Community

We’ve begun our biweekly group prenatal sessions at the birthing center. We are so happy with our decision to go with the midwife practice. The way that it works is this: our group is made up of all the folks at the center also due in March. We arrive at the center and head into one of the triage rooms to measure our own blood pressure and weight, and hand those numbers in to the nurse. Then we all meet in the conference room to talk about what is going on with us lately, hear the midwives and peer counselors talk on that week’s topics, or chat with special guests from outside organizations. During the session, a midwife will take each of us aside one by one to measure our bellies, listen to baby’s heartbeat, and chat about any issues we’d rather not discuss in the larger group. So it’s basically a medical checkup, group chat session, and birthing/parenting class one-stop-shop. Which means we don’t have to worry about finding/signing up for/paying for birthing classes or breastfeeding help. One less thing on the to-do list!

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At our first session, we all got round name tags. After we’d written our names and gotten settled and ready to begin, our peer counseler said:

Take a look at your nametags. There’s a reason why the nametags here are round and not rectangles. The circle around your neck is exactly 10cm in diameter.

MAN. I remarked that it simultaneously seemed HUGE (that quarter in the picture is for scale) and TINY (baby’s head fits through THAT?). Crazy. At our first session we also spent a long time talking about prenatal nutrition, and snacked on yogurt and trail mix. And a representative from KidsSmiles came to teach us all about prenatal dental health (hint: you still need to go to the dentist, even if you’re pregnant). At our next session, we’ll be discussing exercise and relaxation techniques. And I’ll probably do my one-hour glucose test. Yuck.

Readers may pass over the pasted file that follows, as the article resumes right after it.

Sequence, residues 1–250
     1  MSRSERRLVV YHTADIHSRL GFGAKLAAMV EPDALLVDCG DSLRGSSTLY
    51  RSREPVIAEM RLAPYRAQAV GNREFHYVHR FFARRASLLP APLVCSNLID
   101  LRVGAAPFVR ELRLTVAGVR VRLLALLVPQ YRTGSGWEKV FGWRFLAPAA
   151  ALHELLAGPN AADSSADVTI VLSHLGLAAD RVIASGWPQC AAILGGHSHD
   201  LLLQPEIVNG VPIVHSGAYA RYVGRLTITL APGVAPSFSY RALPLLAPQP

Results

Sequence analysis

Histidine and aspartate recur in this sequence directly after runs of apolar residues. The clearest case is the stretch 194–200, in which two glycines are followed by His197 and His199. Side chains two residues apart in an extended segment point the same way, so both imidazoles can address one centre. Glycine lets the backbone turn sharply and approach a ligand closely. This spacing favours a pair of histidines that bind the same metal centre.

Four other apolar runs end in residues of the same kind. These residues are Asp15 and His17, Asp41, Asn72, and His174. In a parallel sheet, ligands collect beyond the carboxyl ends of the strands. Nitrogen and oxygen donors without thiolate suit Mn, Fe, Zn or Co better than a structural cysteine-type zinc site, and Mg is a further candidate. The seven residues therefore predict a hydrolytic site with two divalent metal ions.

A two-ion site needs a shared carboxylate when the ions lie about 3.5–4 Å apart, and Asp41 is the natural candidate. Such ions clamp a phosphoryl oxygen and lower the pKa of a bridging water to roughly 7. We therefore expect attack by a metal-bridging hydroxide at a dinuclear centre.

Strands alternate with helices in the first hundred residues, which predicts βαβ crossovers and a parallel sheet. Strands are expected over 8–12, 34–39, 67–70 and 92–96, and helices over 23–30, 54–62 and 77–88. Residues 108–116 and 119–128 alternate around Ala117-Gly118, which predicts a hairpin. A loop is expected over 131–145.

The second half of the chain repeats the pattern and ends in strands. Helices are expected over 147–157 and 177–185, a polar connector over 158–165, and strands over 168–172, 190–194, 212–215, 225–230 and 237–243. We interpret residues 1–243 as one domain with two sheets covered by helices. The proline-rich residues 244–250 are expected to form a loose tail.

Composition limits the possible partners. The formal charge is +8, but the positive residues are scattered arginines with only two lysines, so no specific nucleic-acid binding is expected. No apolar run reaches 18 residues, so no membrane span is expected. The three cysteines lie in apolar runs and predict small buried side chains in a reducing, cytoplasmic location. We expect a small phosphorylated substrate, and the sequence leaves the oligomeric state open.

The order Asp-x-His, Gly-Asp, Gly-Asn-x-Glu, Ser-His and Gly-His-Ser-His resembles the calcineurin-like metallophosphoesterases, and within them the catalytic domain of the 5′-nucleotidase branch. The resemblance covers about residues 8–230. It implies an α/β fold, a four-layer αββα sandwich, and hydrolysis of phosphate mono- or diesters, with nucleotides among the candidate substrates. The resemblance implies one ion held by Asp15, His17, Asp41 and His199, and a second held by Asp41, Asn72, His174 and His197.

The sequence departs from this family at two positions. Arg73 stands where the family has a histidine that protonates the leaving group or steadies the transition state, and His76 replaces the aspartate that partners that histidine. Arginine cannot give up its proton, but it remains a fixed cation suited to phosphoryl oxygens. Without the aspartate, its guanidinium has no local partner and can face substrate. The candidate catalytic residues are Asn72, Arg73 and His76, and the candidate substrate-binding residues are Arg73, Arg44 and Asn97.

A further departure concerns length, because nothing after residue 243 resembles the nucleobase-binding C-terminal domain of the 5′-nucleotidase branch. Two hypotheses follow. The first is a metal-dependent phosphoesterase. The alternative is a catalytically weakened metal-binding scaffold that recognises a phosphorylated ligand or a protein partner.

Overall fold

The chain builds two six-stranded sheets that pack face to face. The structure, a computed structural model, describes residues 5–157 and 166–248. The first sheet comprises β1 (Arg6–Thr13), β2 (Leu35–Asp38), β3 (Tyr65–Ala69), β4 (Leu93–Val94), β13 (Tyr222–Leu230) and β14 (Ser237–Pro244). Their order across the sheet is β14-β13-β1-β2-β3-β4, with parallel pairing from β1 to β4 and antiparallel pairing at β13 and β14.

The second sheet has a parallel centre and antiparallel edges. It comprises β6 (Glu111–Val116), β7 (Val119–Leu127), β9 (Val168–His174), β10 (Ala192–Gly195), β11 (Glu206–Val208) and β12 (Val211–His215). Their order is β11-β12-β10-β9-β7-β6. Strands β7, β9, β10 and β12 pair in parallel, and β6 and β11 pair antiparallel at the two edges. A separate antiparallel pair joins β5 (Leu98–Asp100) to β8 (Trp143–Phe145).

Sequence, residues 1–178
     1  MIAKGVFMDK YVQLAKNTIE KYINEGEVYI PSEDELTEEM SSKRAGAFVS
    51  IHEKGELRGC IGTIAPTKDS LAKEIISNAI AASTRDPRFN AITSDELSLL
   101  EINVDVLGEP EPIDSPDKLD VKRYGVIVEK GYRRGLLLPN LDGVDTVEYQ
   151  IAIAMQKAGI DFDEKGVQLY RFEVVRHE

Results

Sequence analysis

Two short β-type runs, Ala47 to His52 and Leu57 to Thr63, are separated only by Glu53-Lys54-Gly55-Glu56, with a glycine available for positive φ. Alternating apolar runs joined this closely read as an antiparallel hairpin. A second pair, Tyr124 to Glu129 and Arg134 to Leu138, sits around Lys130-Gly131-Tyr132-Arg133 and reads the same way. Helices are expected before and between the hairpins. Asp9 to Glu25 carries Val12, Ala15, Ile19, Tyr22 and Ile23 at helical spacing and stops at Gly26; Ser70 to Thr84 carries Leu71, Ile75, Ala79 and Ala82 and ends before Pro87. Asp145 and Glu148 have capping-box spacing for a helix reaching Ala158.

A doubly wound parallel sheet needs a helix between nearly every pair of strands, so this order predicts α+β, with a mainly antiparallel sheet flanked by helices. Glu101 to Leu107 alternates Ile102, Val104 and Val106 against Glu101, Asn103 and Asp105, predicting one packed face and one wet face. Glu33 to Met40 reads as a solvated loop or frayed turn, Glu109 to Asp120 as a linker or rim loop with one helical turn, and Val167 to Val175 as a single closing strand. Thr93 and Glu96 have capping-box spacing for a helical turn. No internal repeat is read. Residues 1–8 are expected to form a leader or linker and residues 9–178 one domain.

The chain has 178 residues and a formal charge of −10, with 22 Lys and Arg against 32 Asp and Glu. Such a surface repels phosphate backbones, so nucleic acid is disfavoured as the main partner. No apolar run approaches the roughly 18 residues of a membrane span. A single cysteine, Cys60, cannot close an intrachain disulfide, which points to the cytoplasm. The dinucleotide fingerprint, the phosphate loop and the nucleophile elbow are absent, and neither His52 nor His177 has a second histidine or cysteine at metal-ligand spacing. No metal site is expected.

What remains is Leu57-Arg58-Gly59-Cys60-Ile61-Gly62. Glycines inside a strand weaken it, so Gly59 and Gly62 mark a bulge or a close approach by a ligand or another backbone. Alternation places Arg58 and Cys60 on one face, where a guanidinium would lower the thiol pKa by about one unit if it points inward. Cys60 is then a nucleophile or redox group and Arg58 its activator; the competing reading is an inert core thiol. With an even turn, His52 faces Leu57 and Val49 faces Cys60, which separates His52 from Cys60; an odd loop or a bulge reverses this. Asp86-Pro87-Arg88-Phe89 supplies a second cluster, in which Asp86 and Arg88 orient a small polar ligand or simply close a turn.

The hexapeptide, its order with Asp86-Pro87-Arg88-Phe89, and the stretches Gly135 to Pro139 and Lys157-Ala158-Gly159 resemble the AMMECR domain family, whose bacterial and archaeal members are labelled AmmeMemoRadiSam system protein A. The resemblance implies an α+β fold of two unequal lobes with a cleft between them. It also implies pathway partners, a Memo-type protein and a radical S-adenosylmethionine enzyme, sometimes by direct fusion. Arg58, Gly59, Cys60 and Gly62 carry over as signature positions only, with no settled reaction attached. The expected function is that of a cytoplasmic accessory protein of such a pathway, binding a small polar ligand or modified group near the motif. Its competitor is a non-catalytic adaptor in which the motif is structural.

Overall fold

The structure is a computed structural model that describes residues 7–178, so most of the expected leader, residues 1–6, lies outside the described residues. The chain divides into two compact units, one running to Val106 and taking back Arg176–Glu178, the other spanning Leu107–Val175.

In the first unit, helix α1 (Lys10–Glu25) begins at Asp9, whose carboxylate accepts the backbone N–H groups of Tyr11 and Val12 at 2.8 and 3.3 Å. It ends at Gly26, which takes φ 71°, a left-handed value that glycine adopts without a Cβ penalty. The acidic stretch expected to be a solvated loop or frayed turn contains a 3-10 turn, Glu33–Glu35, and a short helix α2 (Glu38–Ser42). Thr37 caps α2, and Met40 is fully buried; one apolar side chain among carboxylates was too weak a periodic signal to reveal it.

One of the things I like best about our group is how diverse it is. There are some people who, like us, are looking for a low-intervention birth experience and a supportive community, and are lucky enough that we have a number of options from which to choose, and good health insurance. But this is a community birth center, and there are other members of our group who don’t have insurance, who maybe don’t have the kind of partner/family support that I have, who haven’t finished high school yet. I am so thankful that we both have this place available to us, where we can get the same level of care, and support each other.

With this practice, we’ll have the option of birthing at the birth center or at the local hospital (where all the midwives have full privileges). We can see the benefits of each of these options; right now we are leaning toward the hospital birth, since I believe that the midwives still have some flexibility in bending the usual hospital rules (we’ll probably be able to eat and drink during labor, labor standing up/moving around, won’t have any OBs trying to push interventions on us when we don’t absolutely need them). We’ll spend a lot of time in the prenatal sessions discussing the pros and cons of each choice so we can make an informed decision, though.

Right  now, the most important thing is that the care we’ve gotten from our midwives has been 1 MILLION TIMES better than the care we got from our previous OB practice. No more of this. Hooray!

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3 responses to “Community

  1. That place sounds amazing!! I am glad that you found a place that makes your pregnancy a much more personal and happy experience. It’s too awesome to waste with not-awesome doctors!

  2. This is all so good. We didn’t have the group appointments (as you know), but we did do a childbirth class, and we are still friends with a few couples from the class. It’s nice to have friends who have babies the same age as yours too, both for playdates and commiserating.

  3. Thanks guys! It IS good. And, bonus, last week at yoga I met a woman who is about to join the midwife practice and will be in our group session! Hooray for automatic friends.

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